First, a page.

The 48-passenger National Geographic Islander is exactly what you would expect to come from the decade-long partnership between Lindblad Expeditions, whose founder, Lars-Eric Lindblad, is widely regarded to have been the father of eco-tourism. National Geographic is world-renowned for its stewardship of nature, and Islander doesn't disappoint: The ship is equipped with Zodiacs, kayaks, snorkeling equipment, and a staff that not only includes naturalists but also an underwater videographer, wellness coordinator, and visiting lecturers such as a professional wildlife and scientific text illustrator.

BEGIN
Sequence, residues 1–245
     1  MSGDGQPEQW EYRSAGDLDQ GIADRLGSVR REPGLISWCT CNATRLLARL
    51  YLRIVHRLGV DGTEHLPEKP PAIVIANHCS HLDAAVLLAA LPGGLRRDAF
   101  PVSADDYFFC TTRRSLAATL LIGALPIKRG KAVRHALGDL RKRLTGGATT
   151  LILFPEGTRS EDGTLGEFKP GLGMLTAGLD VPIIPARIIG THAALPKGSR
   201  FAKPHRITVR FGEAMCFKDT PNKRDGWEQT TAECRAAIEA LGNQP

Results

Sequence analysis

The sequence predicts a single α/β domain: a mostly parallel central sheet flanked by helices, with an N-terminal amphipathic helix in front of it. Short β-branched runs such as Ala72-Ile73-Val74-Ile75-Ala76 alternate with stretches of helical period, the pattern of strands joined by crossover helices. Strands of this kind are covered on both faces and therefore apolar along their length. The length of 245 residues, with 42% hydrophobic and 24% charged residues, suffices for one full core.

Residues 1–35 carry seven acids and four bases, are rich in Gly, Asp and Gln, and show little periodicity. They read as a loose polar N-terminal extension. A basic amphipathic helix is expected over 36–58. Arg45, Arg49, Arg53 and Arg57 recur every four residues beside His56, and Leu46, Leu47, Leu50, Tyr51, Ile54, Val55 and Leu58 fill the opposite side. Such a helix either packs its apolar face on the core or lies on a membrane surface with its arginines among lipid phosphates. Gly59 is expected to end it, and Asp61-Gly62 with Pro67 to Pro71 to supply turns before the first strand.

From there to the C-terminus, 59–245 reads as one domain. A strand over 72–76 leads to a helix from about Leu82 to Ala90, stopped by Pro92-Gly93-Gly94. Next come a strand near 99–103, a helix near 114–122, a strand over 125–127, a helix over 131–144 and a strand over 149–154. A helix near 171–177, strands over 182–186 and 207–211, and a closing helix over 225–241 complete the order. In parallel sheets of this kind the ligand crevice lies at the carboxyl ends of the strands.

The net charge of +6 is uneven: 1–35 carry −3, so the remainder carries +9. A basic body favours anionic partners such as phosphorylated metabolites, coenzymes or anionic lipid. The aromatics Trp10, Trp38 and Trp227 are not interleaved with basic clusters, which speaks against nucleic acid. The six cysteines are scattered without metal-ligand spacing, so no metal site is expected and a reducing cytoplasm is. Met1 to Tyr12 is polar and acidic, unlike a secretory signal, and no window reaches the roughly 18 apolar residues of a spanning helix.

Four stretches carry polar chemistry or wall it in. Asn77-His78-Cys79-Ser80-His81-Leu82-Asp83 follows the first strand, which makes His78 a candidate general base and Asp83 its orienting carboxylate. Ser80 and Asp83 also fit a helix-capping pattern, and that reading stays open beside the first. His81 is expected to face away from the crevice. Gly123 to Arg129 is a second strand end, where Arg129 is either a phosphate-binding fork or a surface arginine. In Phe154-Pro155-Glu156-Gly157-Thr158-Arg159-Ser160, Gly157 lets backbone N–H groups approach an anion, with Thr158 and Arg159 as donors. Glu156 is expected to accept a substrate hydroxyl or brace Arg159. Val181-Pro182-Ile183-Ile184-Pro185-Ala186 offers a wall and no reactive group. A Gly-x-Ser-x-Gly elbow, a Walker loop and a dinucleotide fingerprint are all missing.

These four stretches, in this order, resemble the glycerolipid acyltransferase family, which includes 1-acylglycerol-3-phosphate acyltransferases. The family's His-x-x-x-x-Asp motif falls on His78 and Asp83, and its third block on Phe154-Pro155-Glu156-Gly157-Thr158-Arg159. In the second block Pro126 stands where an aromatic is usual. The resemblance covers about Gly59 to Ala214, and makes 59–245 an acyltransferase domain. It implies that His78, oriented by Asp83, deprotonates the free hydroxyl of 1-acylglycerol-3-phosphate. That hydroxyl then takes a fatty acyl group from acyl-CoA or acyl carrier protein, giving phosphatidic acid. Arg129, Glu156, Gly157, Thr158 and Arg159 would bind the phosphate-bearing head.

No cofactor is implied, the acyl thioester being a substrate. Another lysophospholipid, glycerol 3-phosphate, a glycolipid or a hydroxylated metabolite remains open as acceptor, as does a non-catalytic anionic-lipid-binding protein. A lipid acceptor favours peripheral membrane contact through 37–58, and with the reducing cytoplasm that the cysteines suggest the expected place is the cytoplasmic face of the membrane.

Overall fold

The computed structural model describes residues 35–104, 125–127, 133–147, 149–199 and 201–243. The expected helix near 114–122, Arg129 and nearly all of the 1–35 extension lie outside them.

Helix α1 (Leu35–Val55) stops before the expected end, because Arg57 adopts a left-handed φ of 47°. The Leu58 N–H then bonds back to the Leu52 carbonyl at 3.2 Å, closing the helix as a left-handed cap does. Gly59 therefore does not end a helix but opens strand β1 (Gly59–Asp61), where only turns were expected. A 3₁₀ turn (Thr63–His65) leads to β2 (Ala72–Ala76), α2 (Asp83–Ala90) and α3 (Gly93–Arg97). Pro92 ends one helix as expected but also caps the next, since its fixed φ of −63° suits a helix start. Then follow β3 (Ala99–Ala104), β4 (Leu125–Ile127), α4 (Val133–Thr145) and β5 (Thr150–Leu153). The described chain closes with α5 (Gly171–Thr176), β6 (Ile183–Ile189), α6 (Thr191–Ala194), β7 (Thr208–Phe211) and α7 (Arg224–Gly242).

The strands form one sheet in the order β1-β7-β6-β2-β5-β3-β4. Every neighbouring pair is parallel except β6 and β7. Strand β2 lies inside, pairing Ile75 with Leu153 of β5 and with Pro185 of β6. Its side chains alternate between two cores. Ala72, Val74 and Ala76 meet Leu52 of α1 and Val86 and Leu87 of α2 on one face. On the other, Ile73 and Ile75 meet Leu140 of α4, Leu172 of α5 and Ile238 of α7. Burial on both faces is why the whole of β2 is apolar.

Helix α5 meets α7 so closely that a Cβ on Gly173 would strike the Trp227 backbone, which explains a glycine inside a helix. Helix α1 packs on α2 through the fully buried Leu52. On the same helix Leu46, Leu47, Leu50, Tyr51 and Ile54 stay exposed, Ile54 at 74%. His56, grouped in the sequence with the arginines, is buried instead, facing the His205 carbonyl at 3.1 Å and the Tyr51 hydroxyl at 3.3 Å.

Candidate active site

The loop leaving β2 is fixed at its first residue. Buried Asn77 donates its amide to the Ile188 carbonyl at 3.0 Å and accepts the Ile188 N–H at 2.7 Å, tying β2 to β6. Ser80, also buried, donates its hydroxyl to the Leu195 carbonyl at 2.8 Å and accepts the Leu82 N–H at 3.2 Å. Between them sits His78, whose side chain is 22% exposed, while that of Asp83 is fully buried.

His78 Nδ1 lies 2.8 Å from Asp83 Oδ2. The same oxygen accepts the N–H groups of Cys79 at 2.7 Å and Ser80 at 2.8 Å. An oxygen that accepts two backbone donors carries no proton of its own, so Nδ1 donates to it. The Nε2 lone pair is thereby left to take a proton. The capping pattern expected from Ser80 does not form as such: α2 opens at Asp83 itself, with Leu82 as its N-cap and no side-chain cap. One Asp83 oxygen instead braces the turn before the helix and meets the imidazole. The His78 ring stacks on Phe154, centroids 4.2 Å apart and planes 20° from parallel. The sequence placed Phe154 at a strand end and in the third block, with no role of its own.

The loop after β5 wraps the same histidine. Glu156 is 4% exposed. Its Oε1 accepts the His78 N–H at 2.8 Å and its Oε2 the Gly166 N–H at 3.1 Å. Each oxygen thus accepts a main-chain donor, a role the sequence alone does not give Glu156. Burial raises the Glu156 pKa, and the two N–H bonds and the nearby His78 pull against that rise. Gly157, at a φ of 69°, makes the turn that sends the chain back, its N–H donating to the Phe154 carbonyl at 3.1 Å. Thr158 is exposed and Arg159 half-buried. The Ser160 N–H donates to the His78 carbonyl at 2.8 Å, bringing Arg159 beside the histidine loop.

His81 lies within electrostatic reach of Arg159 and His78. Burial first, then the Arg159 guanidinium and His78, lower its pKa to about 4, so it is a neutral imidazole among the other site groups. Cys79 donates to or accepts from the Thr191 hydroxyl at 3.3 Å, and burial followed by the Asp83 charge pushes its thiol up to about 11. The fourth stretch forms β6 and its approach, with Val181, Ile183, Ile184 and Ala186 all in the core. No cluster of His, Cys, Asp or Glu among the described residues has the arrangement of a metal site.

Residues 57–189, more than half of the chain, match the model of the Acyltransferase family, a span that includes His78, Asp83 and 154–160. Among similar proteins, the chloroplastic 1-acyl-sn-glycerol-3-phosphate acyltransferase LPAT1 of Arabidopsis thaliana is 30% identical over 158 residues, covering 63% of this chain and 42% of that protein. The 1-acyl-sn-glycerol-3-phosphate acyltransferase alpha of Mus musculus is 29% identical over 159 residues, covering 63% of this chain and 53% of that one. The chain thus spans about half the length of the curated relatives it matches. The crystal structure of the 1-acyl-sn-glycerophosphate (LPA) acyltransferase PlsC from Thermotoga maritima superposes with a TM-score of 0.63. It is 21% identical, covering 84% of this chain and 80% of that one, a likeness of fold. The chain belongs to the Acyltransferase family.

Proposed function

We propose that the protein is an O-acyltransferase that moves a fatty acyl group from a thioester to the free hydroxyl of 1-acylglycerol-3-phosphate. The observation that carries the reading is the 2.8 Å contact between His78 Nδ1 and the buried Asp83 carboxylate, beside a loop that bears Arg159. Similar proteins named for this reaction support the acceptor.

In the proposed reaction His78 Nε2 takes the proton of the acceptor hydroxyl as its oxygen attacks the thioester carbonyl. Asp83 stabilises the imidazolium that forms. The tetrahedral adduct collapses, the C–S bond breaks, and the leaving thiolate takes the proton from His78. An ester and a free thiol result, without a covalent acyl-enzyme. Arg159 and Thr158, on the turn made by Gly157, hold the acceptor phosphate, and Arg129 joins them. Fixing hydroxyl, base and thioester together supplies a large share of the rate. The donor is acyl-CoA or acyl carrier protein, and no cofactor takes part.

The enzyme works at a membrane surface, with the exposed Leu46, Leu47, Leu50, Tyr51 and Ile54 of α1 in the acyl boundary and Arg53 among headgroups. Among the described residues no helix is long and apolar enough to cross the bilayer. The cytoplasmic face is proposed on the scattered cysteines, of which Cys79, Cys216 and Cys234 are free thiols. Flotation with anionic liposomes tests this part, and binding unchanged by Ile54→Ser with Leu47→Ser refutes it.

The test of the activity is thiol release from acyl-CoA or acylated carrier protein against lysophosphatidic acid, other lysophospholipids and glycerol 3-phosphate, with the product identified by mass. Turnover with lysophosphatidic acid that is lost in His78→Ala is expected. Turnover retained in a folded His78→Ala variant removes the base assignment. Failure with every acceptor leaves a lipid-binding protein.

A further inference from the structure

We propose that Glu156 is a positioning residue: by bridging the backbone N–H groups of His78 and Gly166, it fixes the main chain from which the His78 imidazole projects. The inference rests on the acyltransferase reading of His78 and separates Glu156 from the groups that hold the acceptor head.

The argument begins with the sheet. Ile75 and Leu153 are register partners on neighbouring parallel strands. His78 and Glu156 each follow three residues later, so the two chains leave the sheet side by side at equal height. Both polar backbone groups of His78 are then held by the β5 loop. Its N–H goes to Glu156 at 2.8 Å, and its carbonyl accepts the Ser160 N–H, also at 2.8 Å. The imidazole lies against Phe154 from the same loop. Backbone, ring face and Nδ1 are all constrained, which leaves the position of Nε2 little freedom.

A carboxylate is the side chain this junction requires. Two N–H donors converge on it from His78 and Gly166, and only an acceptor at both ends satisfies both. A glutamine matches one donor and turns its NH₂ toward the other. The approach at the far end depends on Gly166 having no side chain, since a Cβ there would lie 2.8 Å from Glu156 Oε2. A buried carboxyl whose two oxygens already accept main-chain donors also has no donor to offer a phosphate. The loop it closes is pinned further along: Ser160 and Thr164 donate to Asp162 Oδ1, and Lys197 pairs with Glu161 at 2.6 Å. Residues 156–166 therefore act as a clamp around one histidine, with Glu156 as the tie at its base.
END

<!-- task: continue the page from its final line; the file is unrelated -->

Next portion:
The ship is the smaller of the two Lindblad-National Geographic vessels to sail in the Galápagos, and has been sailing there year-round since 2004. That small size means that it occupies a sweet spot among those cruising the Galápagos. While larger ships must anchor farther away from islands, and smaller yachts must accommodate the schedule of larger ships so as not to bring too many people aboard each island at once, this ship is small enough to dock close to the islands without having to modify the schedule for other vessels. Overall, it feels like a private yacht taking a scenic expedition. That's because it actually started out as a private yacht, built for the Caribbean.